By: Rachel Barry

I believe that the most
important skill to be taught in any mathematics curricula is critical
thinking. A student should leave
my class knowing how to work through difficult problems, using a variety of
strategies to develop solutions to these given problems. If a student has left my class, without
learning various methods to process through challenging situations, then I feel
that I have failed them. Critical
thinking is crucial for students going out into the real world.

There are many approaches
to develop critical thinking skills.
This comes more naturally to some students than others, and for some
students the context is important to dig into those critical thinking
skills. In most cases, seeing a
problem from a different perspective helps students realize a bigger picture that
there may be more than one way to solve a problem. This is a hard concept for some students to grasp
because in math there is one correct answer, however, there may be more than
one way to

*get*to that answer.
In this blog post, I am
going to share with you a couple ways that I use error analysis to build
critical thinking skills.

About once a week, I use
error analysis in warm-ups for students to decipher what another student did
incorrectly. They have to look
through a student's work, circle or explain the error that the student made,
and then correct the work from where the error was made. This process helps students in two
ways. First, I am able to address
common mistakes that students make before they make the errors themselves. Secondly, this builds students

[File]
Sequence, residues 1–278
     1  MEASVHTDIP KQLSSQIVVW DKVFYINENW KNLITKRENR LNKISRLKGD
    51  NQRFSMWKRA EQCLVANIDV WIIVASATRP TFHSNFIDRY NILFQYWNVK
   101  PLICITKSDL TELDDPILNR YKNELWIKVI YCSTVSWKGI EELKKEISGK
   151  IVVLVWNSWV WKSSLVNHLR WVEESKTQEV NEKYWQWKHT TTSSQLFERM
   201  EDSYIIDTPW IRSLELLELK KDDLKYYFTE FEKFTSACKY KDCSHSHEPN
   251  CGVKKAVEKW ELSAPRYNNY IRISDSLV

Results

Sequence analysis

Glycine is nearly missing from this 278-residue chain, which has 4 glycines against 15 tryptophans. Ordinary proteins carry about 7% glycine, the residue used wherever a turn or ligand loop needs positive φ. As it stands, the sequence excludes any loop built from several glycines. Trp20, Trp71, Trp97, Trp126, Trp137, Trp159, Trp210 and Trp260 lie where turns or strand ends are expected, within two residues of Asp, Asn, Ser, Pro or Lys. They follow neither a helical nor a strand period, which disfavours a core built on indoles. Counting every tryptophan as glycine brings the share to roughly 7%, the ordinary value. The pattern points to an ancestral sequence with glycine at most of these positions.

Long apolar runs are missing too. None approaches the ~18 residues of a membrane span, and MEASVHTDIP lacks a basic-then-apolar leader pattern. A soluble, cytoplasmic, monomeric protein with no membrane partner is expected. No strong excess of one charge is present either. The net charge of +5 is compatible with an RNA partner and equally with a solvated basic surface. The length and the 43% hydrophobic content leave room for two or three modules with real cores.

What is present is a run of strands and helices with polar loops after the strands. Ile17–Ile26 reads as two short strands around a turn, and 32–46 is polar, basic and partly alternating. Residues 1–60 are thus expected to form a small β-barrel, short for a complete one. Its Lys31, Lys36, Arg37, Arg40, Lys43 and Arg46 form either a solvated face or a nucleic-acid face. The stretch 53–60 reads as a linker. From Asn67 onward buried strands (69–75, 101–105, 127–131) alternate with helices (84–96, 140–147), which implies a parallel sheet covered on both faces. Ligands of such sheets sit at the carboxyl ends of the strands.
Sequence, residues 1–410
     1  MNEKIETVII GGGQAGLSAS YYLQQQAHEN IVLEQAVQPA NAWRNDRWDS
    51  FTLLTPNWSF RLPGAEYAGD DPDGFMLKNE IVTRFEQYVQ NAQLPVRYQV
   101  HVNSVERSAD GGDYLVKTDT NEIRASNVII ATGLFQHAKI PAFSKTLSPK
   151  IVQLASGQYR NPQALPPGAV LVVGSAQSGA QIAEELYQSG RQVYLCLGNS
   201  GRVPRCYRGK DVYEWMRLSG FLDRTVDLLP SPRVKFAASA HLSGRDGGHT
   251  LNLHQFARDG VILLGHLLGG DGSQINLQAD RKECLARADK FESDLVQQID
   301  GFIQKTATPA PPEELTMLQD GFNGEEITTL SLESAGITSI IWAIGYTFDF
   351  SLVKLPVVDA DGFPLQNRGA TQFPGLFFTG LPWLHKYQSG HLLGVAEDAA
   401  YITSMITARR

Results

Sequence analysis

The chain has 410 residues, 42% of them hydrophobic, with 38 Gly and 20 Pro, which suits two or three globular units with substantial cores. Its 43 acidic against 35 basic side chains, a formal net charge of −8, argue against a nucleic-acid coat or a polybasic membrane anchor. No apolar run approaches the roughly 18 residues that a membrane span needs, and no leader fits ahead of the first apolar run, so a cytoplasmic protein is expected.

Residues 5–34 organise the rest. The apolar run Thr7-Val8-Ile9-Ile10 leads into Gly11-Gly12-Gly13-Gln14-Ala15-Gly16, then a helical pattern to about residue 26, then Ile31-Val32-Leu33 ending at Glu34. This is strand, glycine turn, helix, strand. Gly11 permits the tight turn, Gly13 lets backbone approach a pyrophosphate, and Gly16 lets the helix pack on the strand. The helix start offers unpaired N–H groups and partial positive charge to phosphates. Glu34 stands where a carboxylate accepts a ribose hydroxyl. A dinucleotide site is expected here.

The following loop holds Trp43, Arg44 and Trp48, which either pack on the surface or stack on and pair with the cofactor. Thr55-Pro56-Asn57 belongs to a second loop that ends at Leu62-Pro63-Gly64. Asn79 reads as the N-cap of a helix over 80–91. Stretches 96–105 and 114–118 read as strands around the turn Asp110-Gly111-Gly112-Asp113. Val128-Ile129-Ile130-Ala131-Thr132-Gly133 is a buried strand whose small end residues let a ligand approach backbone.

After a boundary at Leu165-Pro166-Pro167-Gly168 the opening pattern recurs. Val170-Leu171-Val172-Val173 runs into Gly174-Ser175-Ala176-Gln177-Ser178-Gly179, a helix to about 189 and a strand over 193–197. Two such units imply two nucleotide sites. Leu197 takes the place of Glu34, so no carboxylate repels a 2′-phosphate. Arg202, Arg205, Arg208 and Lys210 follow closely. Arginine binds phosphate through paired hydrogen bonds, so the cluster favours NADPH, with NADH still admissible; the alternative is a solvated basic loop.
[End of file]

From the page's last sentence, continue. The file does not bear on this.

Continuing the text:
confidence because they are made aware that other students make mistakes as
well.

For the attached warm-up, I shared this with students as a note (instead of the .pdf that you see) in Notability. This allows students to manipulate the work, instead of write over it. You can learn more about this Notability feature in this earlier blog post.

Another great method to
get students to think outside of the norm is to ask students why an answer is
incorrect. In a standardized test
warm-up activity, I ask why an answer choice is incorrect. Students then have to work backwards
from the answer to figure out what error the student made. Then, they provide the correct
answer. The extra step on the
front end ideally prevents students from making that same mistake when they are
taking a standardized test.

Analyzing distracters in
standardized test questions also can address the common student errors of
misreading the question or circling the wrong answer choice. For example, let's take a look at the problem below.

Many times students solve
for “x” correctly in a problem.
The question, however, does not ask for the value of x, but instead it asks them to find the value of "2x". Distracter analysis can be used to address students reading the problem incorrectly.

If you have any additional ways to use error analysis to build students' critical thinking skills, please share in the comments section!

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